Rutter says Washington can count on “Hamilton” in its midst for a considerable length of time between September 2017 and summer 2018. (Although it appears most likely to occur toward the back end of that time frame.) She met last year with the show’s lead producer, Jeffrey Seller, and says that she told him, “Look, it’s got to come here.”

The magnitude of demand for “Hamilton” tickets has been unlike anything else in Broadway history. Advance sales are inching toward $100 million, and seats are being booked at New York’s Richard Rodgers Theatre into next year for prices that are, in some cases, patently unbelievable. On the “Hamilton” page of the show’s official seller,, the top “resale” price this past weekend for tickets in the center of Row C for the Nov. 15 performance, a Tuesday evening, was $3,198 each.

Lin-Manuel Miranda, center, and the company of “Hamilton.” (Joan Marcus)

You can expect the clamor for tickets to be no less intense at the Kennedy Center, which is why center officials are revealing details now.

The 2016-2017 season also includes a visit by a celebrated Broadway revival of Arthur Miller’s “A View From the Bridge”; the regional premiere of the Tony-winning “The Curious Incident of the Dog in the Night-Time” and an innovative revival of “Into the Woods” by New York-based Fiasco Theatre.

Fans can get in line for “Hamilton” by starting with a relatively bare-bones subscription for 2016-17 — the “Drama” package of five plays, starting at around $120 per person. However, by the 2017-18, they would have to upgrade to the “Broadway” package, starting at around $500, to get in on “Hamilton” and seven other productions.

Then again, it’s a musical that’s been showered with multiple awards, including the 2016 Pulitzer Prize for drama, and that one notable fan, Michelle Obama, recently said was “the best piece of art in any form I have ever seen in my life.”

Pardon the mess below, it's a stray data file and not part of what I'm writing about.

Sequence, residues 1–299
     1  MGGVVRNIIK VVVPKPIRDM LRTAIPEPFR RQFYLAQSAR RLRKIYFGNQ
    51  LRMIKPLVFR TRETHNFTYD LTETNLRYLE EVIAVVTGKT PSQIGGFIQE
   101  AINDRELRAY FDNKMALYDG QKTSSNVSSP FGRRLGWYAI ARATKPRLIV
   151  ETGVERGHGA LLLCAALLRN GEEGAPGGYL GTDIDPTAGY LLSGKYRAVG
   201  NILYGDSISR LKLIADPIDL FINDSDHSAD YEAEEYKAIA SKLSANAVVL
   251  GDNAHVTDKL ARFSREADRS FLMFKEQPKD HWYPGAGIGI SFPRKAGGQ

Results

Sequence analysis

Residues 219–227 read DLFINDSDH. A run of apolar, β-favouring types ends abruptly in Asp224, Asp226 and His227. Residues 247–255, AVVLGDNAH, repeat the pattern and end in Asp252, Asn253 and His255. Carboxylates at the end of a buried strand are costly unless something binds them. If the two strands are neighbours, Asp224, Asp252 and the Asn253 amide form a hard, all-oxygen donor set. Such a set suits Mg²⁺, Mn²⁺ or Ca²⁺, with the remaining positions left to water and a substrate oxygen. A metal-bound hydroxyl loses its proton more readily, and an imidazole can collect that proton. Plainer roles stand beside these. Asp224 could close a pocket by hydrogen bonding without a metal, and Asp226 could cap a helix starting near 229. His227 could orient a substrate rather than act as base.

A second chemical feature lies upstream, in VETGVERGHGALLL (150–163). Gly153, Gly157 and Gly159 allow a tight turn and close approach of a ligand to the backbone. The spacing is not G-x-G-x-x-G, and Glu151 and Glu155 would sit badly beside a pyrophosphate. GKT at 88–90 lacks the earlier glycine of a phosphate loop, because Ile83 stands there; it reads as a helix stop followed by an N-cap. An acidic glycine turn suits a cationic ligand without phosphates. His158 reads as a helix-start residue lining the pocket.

It was in Washington — in fact, at the White House in 2009 — that Miranda gave the first public exposure to a portion of the then-embryonic musical, which six years later would officially open off-Broadway at the Public Theater, and soon after move to Broadway. At that White House poetry slam, Miranda surprised the Obamas with a rap rendition of what would become the show’s popular opening number, “Alexander Hamilton.”

Broadway musical writer and star Lin-Manuel Miranda performs "The Hamilton Mixtape" at the White House Evening of Poetry, Music, and the Spoken Word on May 12, 2009, accompanied by Alex Lacamoire. (The White House)

The Obamas have been Miranda boosters ever since: The president attended the musical during its preview period last summer on Broadway, and the first lady saw it both at the Public and at the Richard Rodgers. In March, she invited the entire cast to the White House for a day of performance and seminars with Washington-area high school students.

By the time “Hamilton” reaches Washington, the Obamas will be private citizens — and, according to their own announced plans, residents of the capital. Given the continuing frenzy over the show, they, too, might want to mull their options for booking ahead.

For more information, call 202-467-4600 or visit